My order: “Aside from sipping on an amaro or Chartreuse, my other drink of choice here is a Mai Tai (on account of the aforementioned rum selection).”
“A beautiful thing about the luxury hotels of Cannes is that there is no competition between us; we all know, respect and help each other. Every hotel has a different approach to drinks but always the same exceptional hospitality and beautiful setting. Hôtel Martinez is no exception and we’re all looking forward to the May 16 opening of Le Sud (a reinvention of their iconic bar, L’Amiral). [Editor’s note: This coincides with the start of the Cannes Film Festival.] Helmed by Bar Manager Olivier Pillon, this beloved space is very historical. The bar is shaped like a horseshoe and features brass nameplates all around the bar top at each seat, each engraved with the names of its most iconic celebrity guests. Coming alive at night, the former space featured a grand piano (a pianist would perform from 5 p.m. onwards) and a soaring ceiling with beautiful acoustics. I expect this style of music will return with the opening of Le Sud.”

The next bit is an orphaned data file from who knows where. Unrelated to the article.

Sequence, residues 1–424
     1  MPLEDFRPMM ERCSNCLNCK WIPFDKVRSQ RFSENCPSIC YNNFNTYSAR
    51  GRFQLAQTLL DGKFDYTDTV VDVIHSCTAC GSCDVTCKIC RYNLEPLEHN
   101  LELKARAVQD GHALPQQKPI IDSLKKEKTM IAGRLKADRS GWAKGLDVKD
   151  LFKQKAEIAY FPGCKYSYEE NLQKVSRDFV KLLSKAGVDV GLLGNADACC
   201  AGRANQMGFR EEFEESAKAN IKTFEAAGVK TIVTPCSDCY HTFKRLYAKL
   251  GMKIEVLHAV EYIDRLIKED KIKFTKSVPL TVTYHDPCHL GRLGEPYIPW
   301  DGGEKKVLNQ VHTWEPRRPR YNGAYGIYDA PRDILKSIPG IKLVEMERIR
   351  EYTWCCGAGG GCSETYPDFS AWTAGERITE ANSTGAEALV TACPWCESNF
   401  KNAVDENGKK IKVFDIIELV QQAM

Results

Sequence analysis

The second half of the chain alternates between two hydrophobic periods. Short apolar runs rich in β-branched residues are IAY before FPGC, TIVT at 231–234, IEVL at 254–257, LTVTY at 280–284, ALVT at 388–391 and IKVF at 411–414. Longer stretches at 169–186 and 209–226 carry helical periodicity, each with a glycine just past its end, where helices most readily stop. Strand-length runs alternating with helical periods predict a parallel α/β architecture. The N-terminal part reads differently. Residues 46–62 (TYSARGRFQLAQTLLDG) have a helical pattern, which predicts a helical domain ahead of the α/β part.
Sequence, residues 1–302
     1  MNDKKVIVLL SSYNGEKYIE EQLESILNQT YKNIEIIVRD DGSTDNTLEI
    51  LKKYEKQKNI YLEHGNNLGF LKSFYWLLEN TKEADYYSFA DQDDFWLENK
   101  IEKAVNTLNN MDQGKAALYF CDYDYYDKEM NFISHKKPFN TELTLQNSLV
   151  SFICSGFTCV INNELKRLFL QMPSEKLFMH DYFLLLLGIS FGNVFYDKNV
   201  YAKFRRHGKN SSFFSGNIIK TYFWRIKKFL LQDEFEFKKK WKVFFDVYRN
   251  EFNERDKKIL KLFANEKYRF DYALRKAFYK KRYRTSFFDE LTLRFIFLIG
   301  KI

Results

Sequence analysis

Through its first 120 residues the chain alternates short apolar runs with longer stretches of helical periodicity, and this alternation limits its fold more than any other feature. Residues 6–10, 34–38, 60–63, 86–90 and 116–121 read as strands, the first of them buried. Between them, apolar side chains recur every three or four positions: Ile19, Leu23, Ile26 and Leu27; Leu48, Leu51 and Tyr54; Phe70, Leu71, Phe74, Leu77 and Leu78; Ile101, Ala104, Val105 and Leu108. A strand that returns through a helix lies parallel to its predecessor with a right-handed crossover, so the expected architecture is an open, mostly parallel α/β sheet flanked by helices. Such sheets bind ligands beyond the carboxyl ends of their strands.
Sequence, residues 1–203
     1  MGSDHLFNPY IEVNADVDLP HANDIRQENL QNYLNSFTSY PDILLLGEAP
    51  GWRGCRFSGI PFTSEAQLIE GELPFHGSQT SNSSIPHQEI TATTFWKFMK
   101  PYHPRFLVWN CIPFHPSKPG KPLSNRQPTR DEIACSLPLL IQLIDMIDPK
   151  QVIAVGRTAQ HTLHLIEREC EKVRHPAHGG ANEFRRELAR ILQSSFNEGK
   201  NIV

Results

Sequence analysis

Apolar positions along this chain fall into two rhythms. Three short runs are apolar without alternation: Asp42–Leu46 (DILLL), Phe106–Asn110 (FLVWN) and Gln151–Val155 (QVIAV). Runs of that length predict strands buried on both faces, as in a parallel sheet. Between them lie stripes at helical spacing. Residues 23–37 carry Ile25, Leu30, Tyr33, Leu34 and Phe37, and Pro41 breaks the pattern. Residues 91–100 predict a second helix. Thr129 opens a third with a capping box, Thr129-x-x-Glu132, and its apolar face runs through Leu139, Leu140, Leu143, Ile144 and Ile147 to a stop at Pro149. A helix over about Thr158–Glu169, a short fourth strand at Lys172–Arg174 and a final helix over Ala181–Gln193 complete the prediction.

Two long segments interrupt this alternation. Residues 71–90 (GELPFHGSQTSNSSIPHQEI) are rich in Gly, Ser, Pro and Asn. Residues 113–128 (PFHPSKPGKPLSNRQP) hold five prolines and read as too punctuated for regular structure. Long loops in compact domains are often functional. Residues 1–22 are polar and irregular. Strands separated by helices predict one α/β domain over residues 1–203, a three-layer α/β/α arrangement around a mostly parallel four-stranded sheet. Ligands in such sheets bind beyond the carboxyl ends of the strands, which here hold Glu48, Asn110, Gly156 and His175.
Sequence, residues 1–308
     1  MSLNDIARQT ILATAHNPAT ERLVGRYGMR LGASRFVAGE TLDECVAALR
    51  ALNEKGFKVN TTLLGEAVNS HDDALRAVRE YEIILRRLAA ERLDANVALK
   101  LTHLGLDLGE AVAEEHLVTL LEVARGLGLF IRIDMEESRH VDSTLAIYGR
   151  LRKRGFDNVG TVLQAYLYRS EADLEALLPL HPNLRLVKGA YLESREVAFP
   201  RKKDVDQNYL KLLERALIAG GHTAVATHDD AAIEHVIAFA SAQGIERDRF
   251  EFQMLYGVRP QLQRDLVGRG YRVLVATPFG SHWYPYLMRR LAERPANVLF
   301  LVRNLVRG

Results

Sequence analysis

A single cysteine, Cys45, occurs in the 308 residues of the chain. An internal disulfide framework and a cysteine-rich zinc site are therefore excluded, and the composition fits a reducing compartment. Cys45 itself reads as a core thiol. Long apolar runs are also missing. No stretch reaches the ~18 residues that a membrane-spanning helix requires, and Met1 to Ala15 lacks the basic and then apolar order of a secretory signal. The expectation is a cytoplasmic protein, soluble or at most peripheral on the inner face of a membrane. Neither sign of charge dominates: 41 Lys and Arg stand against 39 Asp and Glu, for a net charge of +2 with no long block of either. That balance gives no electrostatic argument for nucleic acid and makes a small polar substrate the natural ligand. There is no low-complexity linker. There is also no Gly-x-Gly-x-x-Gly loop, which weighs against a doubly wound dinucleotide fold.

My order: “Either the Gin Fizz or Tom Collins because Picasso and Salvador Dalí famously drank them on the Côte d’Azur.”